Bil from Stateline, NV
With robots calling balls and strikes, can the laser goalposts we've been hearing so much about be far off?
Bob from Rome, NY
Gentlemen: Were you as surprised as I was that the Bengals did not put a tight end in to block to help Burrow out? Or did their roster makeup not allow them to? Thank you.
I think a lot is being questioned regarding the Bengals' pass protection plan for that game, and rightly so.
Russ from Henrico, VA
So the brass thinks they can keep Aaron Rodgers, Davante Adams and the key players together while staring down a $50 million dollar hole. If they pull that off will Russ Ball be canonized or burned as a witch?
No one said it would be easy, but as we've been saying all along (and Mark Murphy reiterated in his latest MT5), the Packers have a plan. I'm sure Russ Ball has been working on contingencies upon contingencies since doing all the restructures last year. All we can do is wait and see what happens.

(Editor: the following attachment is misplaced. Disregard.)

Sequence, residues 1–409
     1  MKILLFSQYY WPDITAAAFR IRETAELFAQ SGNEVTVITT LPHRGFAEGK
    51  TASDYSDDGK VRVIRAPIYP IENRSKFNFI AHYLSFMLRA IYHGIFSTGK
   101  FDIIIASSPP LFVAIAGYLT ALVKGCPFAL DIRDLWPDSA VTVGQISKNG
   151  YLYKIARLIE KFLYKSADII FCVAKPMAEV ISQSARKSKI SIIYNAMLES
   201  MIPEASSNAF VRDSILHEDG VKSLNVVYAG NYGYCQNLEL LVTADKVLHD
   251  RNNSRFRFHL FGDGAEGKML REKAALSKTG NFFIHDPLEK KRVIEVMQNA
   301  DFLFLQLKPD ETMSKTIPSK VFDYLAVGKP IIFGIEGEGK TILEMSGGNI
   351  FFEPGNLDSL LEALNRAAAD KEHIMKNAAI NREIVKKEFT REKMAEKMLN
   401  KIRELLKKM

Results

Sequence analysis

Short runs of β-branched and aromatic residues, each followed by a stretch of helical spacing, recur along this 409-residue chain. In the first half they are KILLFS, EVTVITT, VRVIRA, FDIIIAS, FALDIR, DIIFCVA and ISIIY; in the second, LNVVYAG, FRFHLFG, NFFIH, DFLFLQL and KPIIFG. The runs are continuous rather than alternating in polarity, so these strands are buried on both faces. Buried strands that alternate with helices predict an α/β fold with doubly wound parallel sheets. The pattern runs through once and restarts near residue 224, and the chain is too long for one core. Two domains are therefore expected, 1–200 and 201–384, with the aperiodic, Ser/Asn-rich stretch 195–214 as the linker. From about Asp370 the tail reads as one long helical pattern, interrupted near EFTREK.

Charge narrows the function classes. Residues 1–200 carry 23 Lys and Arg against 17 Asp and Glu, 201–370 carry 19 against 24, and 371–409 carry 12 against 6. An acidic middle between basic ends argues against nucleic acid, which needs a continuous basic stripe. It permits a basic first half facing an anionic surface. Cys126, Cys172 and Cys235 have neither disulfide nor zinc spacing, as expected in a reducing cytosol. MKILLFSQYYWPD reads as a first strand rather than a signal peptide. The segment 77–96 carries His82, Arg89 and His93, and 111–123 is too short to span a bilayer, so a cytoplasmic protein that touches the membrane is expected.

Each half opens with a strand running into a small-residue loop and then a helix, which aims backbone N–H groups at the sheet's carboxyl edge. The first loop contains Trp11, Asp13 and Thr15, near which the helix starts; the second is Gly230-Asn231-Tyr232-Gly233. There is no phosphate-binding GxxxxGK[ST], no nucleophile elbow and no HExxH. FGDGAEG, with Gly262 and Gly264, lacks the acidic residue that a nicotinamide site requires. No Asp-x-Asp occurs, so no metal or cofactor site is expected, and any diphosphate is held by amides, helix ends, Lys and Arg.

Ingrid from Superior, WI
Why is it that if a team releases a player, they save "X" amount on the salary cap, but that savings is even more after June 1?
Because if the release occurs (or is designated as) after June 1, the dead money on the cap can be divided into the current year and the following year. The more dead money pushed out, the greater the cap savings in the year the player is released, and the rest of the cap charges come due the next year.
Will from Glendale, AZ
When is the deadline to decide on fifth-year options? Rashan Gary seems like a no-brainer to exercise but Darnell Savage might be a close call.
Mike from Toronto, Canada
As I understand it, Rashan Gary was a top defender in terms of QB pressures, but tied for 18th in sacks. Pressures are good and can certainly lead to mistakes and turnovers, but sacks result in tackles for loss every time. What does Rashan Gary need to do to finish off the QB more often?